yah sat sapatnan vijigisamano
grhesu nirvisya yateta purvam
atyeti durgasrita urjitarin
ksinesu kamam vicared vipascit
yah—anyone who; sat—six; sapatnan—adversaries; vijigisamanah—desiring to conquer; grhesu—in household life; nirvisya—having entered; yateta—must try; purvam—first; atyeti—conquers; durga-asritah—being in a fortified place; urjita-arin—very strong enemies; ksinesu—decreased; kamam—lusty desires; vicaret—can go; vipascit—the most experienced, learned.
One who is situated in household life and who systematically conquers his mind and five sense organs is like a king in his fortress who conquers his powerful enemies. After one has been trained in household life and his lusty desires have decreased, he can move anywhere without danger.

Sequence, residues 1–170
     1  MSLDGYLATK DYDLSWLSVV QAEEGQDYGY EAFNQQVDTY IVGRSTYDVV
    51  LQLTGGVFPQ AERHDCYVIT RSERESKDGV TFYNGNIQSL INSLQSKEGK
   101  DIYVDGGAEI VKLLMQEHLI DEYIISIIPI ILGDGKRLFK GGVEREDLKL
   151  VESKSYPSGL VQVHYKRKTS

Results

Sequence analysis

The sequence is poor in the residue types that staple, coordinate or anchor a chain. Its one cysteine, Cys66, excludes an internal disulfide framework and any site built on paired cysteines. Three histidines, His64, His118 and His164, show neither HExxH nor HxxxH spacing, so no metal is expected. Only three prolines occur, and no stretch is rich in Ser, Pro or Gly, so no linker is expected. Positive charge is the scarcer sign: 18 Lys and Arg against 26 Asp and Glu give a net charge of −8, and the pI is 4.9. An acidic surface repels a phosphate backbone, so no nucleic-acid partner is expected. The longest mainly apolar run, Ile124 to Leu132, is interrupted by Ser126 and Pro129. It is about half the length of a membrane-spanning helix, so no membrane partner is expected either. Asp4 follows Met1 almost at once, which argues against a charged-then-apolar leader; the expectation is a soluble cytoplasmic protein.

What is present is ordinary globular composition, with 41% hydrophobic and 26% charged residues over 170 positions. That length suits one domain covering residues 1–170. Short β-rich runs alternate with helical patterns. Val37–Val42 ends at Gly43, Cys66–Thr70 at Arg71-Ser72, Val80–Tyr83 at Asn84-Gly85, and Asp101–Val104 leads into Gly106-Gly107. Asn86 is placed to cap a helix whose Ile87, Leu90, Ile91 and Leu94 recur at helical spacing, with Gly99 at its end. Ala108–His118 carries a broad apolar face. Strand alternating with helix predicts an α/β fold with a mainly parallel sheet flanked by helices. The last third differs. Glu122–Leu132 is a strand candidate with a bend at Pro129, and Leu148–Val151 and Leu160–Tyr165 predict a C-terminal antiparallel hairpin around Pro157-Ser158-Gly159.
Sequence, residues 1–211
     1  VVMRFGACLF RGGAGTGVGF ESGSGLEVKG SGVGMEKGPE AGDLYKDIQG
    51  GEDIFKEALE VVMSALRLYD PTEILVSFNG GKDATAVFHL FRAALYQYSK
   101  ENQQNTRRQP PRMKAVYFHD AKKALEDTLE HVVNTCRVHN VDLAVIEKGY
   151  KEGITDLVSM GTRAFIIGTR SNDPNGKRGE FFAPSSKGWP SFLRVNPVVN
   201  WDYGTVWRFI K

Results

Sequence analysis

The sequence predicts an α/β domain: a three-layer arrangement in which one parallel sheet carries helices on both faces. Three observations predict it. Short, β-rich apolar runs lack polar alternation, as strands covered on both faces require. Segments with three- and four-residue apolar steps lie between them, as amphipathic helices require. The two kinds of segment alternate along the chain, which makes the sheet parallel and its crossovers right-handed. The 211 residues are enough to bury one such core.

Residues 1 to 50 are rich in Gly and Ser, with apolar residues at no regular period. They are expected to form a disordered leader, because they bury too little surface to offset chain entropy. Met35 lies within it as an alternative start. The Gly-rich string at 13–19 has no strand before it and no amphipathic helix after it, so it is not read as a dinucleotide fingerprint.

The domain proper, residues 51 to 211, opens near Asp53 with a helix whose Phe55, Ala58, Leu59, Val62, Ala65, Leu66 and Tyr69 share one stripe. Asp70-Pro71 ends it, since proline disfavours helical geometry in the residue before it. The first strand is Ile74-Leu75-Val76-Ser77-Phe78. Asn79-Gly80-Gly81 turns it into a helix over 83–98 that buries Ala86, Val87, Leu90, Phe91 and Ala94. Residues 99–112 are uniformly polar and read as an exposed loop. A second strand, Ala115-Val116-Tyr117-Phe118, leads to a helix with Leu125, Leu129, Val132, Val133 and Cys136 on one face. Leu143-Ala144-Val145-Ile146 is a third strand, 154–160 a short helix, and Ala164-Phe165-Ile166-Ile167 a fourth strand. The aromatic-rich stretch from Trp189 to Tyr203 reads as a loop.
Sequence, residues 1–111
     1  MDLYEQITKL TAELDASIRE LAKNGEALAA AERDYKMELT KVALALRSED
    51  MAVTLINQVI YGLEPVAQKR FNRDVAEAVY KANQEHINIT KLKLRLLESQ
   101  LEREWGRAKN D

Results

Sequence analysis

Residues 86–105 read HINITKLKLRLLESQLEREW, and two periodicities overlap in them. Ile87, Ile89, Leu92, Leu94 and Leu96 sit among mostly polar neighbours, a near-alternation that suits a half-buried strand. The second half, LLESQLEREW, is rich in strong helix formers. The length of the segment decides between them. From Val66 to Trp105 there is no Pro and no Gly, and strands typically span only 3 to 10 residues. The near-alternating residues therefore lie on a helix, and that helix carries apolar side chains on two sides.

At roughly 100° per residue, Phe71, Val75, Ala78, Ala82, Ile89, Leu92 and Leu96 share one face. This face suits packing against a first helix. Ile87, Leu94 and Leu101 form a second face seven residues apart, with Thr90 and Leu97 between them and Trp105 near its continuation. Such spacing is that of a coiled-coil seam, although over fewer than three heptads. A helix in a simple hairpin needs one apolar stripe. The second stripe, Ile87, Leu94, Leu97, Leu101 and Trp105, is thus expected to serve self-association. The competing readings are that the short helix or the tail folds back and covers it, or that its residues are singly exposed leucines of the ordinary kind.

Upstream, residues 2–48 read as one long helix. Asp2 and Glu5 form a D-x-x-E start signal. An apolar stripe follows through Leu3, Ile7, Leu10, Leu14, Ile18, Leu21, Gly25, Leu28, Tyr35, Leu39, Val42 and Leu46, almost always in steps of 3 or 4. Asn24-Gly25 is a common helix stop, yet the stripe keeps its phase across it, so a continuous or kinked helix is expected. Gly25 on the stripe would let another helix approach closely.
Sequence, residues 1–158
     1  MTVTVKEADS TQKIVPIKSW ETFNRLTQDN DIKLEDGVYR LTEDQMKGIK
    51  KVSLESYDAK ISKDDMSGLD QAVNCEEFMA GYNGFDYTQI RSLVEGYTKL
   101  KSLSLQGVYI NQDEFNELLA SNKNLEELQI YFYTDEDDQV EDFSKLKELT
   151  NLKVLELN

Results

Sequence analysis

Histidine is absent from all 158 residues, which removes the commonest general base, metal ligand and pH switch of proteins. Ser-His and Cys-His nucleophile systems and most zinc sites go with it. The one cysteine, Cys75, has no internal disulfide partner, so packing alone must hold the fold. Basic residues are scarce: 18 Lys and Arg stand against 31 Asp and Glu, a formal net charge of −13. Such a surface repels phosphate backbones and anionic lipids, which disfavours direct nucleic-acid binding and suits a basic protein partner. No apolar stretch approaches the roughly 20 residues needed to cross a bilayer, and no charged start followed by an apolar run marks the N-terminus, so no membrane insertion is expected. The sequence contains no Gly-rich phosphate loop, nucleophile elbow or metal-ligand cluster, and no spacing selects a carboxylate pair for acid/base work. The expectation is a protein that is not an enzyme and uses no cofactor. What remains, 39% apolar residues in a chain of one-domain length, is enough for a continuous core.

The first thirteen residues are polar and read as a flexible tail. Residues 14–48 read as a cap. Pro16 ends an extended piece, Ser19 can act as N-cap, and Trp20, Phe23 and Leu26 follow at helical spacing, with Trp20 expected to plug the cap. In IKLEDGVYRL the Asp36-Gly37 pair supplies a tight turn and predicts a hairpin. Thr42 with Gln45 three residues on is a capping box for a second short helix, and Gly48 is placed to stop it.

The Vedic system of four varnas and four asramas is very scientific, and its entire purpose is to enable one to control the senses. Before entering household life (grhastha-asrama), a student is fully trained to become jitendriya, a conqueror of the senses. Such a mature student is allowed to become a householder, and because he was first trained in conquering his senses, he retires from household life and becomes vanaprastha as soon as the strong waves of youthful life are past and he reaches the verge of old age at fifty years or slightly more. Then, after being further trained, he accepts sannyasa. He is then a fully learned and renounced person who can move anywhere and everywhere without fear of being captivated by material desires. The senses are considered very powerful enemies. As a king in a strong fortress can conquer powerful enemies, so a householder in grhastha-asrama, household life, can conquer the lusty desires of youth and be very secure when he takes vanaprastha and sannyasa.
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